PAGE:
Goodness Had Nothin’ to Do With It
I have a taste for the salacious. Prurience with a sense of humor.
That said, I’m a study in contradictions. I can watch erotica blithely, but get uncomfortable at a steamy make-out scene in a mainstream movie. I have no objection whatsoever to nudity, but wish women wouldn’t nurse their children in restaurants and on buses. Like many of my generation, I tend to curse a bit too freely (though only among like-minded friends), but a recent HBO stand-up comedy special featuring Bob Saget was so foul-mouthed that I had to turn it off after five minutes.
Maybe it’s just the notion of appropriateness. I like slyness, double entendres, little hints of naughtiness where a more blatant approach would be jarring.
For similar reasons, I love dirty blues, particularly when I’m taking a road trip. As WFMU‘s James Marshall writes:
People began singing about sex as soon as they began singing. Dirty ballads, lewd couplets, poems, limericks, rhymes, drinking songs, all ripe with sex, have always been an important if shunned part of western culture, from the first broadside balladeers to the most current heavy metal acts. Much of this sort of thing made its way onto vinyl, especially during the early days of “race” and “hillbilly” (pre-WWII) records and during the golden age of R&B (’46-’56).
Blues in general is a lyrically limited form — broads, booze, and sex have a virtual stranglehold on the primitive blues singers’ mind . . . and filthy blues records make up a large portion of the recorded body of work. Since that immortal day when Blind Lemon Jefferson beheld his [member] and decided it had the same leathery quality as a black snake, getting the biggest hit record of his career out of it, “Black Snake Moan” (which he recorded several times), sex on blues discs sold. . . .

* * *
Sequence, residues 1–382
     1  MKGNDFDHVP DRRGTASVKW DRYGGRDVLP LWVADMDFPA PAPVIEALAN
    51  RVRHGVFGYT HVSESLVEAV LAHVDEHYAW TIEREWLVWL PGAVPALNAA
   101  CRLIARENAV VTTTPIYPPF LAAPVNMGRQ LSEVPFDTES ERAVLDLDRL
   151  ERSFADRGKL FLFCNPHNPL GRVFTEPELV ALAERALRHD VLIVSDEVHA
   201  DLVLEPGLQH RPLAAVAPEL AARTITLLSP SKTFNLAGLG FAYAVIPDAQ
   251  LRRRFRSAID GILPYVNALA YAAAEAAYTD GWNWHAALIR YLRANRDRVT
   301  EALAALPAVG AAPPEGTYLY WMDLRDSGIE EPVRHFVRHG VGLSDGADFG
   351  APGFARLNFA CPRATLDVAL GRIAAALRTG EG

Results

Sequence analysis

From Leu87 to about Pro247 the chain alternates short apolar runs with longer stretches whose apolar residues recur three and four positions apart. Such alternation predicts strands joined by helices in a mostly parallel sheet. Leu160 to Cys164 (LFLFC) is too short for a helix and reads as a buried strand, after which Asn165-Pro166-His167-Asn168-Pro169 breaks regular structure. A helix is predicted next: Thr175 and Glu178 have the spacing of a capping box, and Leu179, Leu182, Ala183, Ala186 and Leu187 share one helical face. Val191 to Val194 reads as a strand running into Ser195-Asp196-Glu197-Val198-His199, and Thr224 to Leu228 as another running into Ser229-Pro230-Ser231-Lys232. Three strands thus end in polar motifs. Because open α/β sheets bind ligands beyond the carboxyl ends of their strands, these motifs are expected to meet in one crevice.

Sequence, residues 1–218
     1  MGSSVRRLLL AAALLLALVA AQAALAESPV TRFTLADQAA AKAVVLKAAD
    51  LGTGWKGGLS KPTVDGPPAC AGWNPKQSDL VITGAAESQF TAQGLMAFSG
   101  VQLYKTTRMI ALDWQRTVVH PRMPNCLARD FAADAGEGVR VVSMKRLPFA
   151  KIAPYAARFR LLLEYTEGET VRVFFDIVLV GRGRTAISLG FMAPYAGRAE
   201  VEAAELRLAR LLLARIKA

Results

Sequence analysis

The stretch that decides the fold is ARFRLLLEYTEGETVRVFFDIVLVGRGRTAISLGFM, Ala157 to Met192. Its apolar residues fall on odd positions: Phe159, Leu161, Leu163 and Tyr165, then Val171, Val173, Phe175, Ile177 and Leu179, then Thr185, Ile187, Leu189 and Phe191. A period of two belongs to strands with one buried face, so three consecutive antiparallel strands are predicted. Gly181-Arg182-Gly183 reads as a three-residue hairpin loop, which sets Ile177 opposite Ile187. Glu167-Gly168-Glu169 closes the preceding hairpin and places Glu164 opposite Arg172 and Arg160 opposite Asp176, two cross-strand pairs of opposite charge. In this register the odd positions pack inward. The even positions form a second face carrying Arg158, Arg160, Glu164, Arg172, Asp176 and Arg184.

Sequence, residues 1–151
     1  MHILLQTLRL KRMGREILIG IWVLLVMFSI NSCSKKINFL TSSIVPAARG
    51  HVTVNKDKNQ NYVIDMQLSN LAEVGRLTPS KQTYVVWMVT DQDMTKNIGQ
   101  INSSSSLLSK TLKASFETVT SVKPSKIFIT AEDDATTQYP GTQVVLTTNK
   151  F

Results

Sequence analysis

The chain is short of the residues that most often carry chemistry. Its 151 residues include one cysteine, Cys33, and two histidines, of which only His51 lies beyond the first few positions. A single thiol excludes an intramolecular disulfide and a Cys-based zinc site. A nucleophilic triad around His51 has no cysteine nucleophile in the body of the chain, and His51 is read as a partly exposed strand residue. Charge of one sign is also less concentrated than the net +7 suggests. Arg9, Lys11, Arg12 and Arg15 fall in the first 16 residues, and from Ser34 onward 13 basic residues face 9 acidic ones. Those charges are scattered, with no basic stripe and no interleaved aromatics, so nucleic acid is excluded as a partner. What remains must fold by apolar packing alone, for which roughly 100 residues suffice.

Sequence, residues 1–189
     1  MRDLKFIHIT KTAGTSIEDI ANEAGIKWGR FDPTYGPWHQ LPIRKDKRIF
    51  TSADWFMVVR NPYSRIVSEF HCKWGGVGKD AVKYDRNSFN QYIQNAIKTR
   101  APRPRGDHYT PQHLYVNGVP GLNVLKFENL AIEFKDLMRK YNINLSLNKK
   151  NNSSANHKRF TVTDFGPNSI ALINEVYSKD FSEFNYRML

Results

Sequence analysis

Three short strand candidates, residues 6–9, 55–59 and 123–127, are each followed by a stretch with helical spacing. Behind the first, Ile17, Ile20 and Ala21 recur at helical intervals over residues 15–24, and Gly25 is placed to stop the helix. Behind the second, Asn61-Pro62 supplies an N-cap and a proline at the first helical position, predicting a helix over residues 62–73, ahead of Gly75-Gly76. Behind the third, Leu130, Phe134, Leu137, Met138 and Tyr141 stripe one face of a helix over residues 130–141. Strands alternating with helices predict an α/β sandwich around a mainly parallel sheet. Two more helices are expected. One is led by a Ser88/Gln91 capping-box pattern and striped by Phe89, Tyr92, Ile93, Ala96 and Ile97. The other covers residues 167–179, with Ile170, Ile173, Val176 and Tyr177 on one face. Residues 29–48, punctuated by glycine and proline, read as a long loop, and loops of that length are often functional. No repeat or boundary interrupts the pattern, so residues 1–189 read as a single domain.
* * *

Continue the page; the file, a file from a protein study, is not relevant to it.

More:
Women, particularly the classic blues singers of the ’20s and ’30s, were not immune to such crudities. In one of her more memorable performances, the great Bessie Smith sang:
Tired of bein’ lonely, tired of bein’ blue,
I wished I had some good man to tell my troubles to
Seem like the whole world’s wrong since my man’s been gone
I need a little sugar in my bowl,
I need a little hot dog on my roll
I can stand a bit of lovin’, oh so bad,
I feel so funny, I feel so sad
I need a little steam-heat on my floor,
Maybe I can fix things up so they’ll go
What’s the matter, hard papa?
Come on and save you mama’s soul
In a similar vein, Dinah Washington sang about her dentist:
I’ve got a dentist who’s over seven feet tall
Long John they call him, and he answers every call
Well I went to Long Johns office and told him the pain was killin’
He told me not to worry, that my cavity just needed fillin’
Here is Bette Midler’s version of the song:
And here’s Ethel Waters singing about her “Handy Man”:
He shakes my ashes, greases my griddle,
Churns my butter, strokes my fiddle;
My man is such a handy man!
He threads my needle, creams my wheat,
Heats my heater, chops my meat;
My man is such a handy man!
Never has a single thing to say,
While he’s working hard;
I wish that you could see the way
He handles my front yard!
But of course the master of the double entendre — or should I say mistress? — was Mae West. She couldn’t say anything, no matter how innocent, without it sounding dirty.
I’m No Angel (1933) was her third motion picture. She wrote the story and the screenplay. A young Cary Grant played the male lead; West played Tira, a circus performer who becomes a socialite.
Depression era audiences responded to the fantasy rise of a woman from the wrong side of the tracks. This was one of the few Mae West films that was not subjected to heavy censorship, and West’s ribald satire outraged moralists. In fact, film historians cite her performance as one of the factors for the strict Hollywood production code that soon followed. It featured such memorable lines as “It’s not the men in your life that counts, it’s the life in your men,” “When I’m good, I’m very good. But when I’m bad, I’m better,” and the immortal, “Beulah, peel me a grape.”
Here’s a scene from I’m No Angel:
Is that a pickle in your pocket, or are you just happy to see me?